As fitness enthusiasts continue to incorporate tech and apps into their routines, the marketplace for things like heart rate monitors, step trackers and apps has grown exponentially. An unfortunate side effect of that growth, however, are the scams that come with it.
A number of apps claiming to help users achieve their fitness goals were recently removed from Apple’s App Store amid numerous claims of fraudulent charges.
According to Wired, the scam worked by exploiting the Touch ID feature available on certain models of iPhones. Users of the apps — the seemingly harmless sounding “Heart Rate Monitor,” “Fitness Balance app” and “Calories Tracker app” — would be prompted to scan their fingerprints in order to perform a basic function of the app, such as viewing a calorie tracker or taking a heart rate measurement. However, once users scanned their prints, an in-app purchase prompt would pop up and charge users $90 to $120. Add to that the fact that the screens would automatically dim, making the purchase prompt even harder to read and notice, and you’ve got the makings of an all-out scam.
Touch ID is a feature that many iPhone users enjoy because it seamlessly allows for things like purchases, downloads, authentication and unlocking of the screen. The scam apps took advantage of the feature to rip people off.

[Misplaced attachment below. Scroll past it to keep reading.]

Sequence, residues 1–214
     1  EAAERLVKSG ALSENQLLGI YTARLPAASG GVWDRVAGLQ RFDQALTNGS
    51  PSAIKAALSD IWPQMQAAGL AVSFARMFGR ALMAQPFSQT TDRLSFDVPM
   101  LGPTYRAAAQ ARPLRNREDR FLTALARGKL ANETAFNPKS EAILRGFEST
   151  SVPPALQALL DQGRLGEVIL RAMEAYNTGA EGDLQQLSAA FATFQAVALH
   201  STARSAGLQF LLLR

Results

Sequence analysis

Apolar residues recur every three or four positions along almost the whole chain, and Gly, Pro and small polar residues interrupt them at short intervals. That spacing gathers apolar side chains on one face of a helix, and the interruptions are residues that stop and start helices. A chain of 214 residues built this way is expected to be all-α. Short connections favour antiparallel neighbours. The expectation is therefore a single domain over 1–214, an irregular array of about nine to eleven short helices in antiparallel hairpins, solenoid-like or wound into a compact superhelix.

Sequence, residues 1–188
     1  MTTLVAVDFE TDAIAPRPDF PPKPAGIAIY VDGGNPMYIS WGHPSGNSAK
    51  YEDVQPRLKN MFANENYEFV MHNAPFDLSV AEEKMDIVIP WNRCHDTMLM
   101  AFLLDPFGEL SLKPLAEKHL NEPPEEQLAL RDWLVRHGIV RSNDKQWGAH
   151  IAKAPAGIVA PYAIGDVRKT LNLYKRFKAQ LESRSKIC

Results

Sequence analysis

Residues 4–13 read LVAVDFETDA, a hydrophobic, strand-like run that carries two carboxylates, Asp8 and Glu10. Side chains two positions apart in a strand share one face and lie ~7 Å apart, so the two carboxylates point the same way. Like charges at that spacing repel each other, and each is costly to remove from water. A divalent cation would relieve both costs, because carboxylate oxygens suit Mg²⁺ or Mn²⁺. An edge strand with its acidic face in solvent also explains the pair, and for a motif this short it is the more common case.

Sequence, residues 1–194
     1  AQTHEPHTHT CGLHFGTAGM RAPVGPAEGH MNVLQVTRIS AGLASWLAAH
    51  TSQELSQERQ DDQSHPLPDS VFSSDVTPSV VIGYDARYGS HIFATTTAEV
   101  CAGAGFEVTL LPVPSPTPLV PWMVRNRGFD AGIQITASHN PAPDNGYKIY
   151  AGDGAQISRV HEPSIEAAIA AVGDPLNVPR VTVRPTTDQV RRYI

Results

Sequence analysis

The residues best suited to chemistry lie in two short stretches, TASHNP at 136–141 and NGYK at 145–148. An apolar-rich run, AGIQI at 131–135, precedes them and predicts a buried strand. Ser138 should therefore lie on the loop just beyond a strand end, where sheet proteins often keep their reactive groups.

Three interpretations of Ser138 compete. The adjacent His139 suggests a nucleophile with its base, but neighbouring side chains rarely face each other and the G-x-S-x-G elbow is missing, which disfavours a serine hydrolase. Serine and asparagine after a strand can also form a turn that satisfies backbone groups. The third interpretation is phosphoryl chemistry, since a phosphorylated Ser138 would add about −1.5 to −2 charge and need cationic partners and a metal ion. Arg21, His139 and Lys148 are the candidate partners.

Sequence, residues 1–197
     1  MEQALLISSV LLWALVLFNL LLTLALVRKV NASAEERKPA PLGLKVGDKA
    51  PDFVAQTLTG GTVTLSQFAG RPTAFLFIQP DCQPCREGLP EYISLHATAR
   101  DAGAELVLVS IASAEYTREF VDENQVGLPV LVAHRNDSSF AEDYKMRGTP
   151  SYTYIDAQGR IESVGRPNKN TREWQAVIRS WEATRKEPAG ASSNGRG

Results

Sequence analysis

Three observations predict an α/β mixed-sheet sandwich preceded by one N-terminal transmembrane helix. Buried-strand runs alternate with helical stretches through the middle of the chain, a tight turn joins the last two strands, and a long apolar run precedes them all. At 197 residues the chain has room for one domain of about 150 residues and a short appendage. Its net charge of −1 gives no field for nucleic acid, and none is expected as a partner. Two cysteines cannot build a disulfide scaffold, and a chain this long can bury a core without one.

The tech security website welivesecurity.com said that despite the scheme, the “Fitness Balance app” still received 5-star ratings in the App Store. According to the site, scammers often utilize fake reviews to improve the reputation of their apps.
The scammy apps have since been removed, but malicious developers could easily take advantage of similar techniques in the future. One positive note for owners of newer iPhones is that they don’t have a home button or the Touch ID feature — meaning scammers won’t be able to trap them with the same technique. Owners of older iPhones, however, are cautioned to be vigilant.